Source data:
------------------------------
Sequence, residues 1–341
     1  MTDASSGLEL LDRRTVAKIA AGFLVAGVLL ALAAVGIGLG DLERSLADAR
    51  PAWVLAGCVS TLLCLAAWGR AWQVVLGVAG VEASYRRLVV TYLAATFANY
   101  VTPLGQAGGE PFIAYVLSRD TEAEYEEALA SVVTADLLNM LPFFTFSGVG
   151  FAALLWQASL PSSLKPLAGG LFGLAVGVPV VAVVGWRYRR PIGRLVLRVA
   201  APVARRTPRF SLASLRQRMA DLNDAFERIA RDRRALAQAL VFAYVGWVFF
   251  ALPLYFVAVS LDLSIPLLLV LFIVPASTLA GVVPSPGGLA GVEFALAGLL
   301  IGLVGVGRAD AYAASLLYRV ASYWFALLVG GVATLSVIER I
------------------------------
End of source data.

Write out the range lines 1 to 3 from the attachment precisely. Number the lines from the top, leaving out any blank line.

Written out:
Sequence, residues 1–341
     1  MTDASSGLEL LDRRTVAKIA AGFLVAGVLL ALAAVGIGLG DLERSLADAR
    51  PAWVLAGCVS TLLCLAAWGR AWQVVLGVAG VEASYRRLVV TYLAATFANY